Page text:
Wearable computing is just in its infancy, but already some are taking it to places we wouldn’t have imagined. While there will be many benefits to the technology, there is a real threat of decision making continually being outsourced to technology. Two examples recently caught our attention:
Researchers in Japan have designed an organic, disposable sensor that alerts caregivers when a new diaper is needed on a baby. It is made of a thin plastic film, which is embedded in a diaper for a few cents. (Investor’s Business Daily, paywall)
Sensors that monitor heart rates and body temperature have now been installed in bras to help wearers know when they in the company of a potential true love. The sensors send signals to smartphones with special analytical software, and if the wearer’s natural body signals are determined by the software to be “right,” the bra unsnaps! (Guardian Weekly)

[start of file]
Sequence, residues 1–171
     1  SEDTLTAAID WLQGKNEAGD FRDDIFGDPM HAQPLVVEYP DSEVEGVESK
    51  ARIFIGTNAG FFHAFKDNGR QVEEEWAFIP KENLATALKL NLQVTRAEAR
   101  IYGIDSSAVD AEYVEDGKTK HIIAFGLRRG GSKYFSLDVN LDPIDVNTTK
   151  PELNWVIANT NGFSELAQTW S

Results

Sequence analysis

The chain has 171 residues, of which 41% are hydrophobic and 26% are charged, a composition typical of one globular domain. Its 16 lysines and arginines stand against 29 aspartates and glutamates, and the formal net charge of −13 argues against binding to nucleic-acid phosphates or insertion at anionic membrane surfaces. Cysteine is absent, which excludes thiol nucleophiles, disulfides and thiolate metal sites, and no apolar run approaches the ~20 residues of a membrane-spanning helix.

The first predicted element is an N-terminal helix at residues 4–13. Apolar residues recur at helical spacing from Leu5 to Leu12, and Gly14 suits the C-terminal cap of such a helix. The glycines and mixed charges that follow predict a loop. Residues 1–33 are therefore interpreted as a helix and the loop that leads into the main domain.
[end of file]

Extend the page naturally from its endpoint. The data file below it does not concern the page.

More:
These are just two of the many developments occurring in the growing world of inexpensive sensors. The diaper invention holds the promise of alerting young parents, who may be engrossed in a video game, Pinterest, email responses or catching up with their long lost kindergarten friend on Facebook. While the small cost of the sensor is appealing, a no-cost crying baby may still be the best indicator of a wet diaper – and also offer the opportunity of bonding between baby and caregiver.
If we were to start listing other places where sensors could enhance the “undergarment market,” this blog could quickly become R-rated. But we will say that these are yet more examples of interpersonal decisions being turned over to technology.